Bob Kauflin interviewed Marty Machowski, the author of the Gospel Story for Kids Sunday-school curriculum, here. There’s a lot to appreciate about what Machowski has to say, but he makes a shocking statement:
Our children, meeting in classrooms during our Sunday worship services represent the largest group of gathered unbelievers across the world.
From time to time I hear parents expressing similar sentiments — “they’re all unregenerate [or heathens],” “we can’t expect that of him; he’s not saved,” or “her problem is just that she needs to be saved.” Overwhelmingly we speak of evangelizing our children rather than discipling them. We wring our hands over the possibility of giving them false assurance, but we are almost entirely unconcerned about the danger of creating millstones of false doubt.
God does not speak of or relate to our children in this way, and it is dangerous for us to do so. It is dangerous because it trains us and our children to doubt and test the promises of God rather than believing and acting upon them. This is how God speaks of our children:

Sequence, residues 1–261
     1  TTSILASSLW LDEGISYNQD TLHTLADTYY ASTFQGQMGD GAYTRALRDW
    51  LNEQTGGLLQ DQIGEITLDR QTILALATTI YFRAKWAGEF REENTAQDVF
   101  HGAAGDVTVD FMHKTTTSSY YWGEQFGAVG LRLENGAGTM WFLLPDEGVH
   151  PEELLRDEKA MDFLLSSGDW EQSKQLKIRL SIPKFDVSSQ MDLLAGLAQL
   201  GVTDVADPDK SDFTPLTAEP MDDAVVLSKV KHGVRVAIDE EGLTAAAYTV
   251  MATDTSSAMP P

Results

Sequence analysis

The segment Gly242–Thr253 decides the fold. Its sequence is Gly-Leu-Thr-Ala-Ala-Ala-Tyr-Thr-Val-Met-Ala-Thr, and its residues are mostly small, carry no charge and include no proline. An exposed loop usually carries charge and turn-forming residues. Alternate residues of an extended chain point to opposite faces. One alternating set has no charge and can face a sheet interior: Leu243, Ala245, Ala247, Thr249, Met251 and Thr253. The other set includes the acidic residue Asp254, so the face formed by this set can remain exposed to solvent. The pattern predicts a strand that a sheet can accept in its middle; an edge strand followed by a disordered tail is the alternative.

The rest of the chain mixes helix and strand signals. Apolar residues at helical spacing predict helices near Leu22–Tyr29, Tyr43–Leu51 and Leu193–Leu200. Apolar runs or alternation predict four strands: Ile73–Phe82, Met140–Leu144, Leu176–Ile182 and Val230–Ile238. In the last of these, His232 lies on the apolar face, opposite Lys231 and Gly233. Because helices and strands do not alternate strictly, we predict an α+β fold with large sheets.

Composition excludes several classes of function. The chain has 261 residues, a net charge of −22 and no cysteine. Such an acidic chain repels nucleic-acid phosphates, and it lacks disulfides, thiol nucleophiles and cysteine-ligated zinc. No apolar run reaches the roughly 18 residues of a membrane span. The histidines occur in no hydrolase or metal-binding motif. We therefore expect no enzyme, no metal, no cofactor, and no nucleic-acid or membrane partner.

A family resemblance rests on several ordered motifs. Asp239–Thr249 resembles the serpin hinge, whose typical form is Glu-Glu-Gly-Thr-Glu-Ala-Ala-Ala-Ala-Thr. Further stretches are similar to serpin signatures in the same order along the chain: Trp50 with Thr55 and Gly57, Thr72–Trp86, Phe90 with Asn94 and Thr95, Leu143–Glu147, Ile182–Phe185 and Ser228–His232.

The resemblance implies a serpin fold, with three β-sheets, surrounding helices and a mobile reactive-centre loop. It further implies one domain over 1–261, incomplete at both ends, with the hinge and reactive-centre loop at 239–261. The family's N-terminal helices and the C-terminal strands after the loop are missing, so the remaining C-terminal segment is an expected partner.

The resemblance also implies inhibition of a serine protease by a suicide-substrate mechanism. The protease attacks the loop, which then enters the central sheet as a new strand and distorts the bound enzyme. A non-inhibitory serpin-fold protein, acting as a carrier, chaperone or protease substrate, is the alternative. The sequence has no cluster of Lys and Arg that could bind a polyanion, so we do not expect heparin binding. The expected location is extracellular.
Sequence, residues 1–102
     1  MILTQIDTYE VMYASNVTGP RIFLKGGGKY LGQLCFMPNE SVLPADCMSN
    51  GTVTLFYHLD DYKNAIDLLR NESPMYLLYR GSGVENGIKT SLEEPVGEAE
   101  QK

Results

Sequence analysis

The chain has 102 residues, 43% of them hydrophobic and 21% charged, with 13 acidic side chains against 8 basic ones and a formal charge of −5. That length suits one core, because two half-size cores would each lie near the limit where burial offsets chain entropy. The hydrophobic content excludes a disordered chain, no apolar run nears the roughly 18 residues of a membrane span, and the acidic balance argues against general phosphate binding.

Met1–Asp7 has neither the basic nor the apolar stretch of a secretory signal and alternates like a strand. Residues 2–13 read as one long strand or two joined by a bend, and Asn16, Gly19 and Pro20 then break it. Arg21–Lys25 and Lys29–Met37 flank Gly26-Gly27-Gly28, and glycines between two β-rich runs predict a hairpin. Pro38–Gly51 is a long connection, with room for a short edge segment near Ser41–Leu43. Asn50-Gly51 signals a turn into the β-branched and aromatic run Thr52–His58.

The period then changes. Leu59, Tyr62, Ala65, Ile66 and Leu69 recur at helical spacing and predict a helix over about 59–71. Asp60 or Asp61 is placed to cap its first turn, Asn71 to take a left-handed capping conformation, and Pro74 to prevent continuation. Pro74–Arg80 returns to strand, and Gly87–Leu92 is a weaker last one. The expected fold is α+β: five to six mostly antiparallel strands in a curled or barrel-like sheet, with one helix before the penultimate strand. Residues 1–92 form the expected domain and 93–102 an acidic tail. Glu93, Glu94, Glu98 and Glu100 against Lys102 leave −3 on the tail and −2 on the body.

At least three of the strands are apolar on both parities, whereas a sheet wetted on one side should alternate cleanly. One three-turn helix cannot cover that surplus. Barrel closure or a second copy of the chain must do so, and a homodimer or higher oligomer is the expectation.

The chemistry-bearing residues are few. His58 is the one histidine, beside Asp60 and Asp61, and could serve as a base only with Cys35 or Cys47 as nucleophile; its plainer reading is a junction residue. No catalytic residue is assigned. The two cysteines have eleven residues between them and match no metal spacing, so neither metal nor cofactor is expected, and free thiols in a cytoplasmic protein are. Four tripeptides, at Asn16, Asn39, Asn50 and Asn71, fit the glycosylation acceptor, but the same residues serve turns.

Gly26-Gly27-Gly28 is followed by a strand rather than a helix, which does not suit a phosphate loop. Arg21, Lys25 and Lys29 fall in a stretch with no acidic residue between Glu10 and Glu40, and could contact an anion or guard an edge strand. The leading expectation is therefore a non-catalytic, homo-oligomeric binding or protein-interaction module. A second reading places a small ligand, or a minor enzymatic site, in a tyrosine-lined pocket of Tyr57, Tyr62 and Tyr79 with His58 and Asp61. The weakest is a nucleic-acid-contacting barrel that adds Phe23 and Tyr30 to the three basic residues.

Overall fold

- He addresses them with commands and encouragements as part of the body of his elect “saints” (e.g., Ex. 20:2, 12; Eph. 1:1, 6:1; Col. 1:2, 3:20)
- He requires their presence in worship (Ex. 10:8-11, Ps. 96:7) and feasts (Deut. 16:9-15). He receives their worship (Matt. 21:16) as a potent spiritual warfare to silence his enemies (Ps. 8:2).
- They trusted in him before they were born (Ps. 71:6) and as infants (Ps. 22:9)
- He is their God (Gen. 17:8, Ezek. 37:21-28, etc.)
- He has promised the Holy Spirit to them (Isa. 59:21)
- He regards them as holy (1 Cor. 7:14)
We ought to speak of and think about our children in the same way that God does. This will not leave us complacent, but will instead motivate us to go about the work of parenting rightly, with full confidence in God’s being already at work in them. Instead of leading our children to the way, we will train them in the way (Prov. 22:6). What we once called evangelism must become full-orbed discipleship. Our children need the gospel, but in just the same way we do — to be continually reminded of the promises and goodness and nearness of God and to be growing in repentance and faith.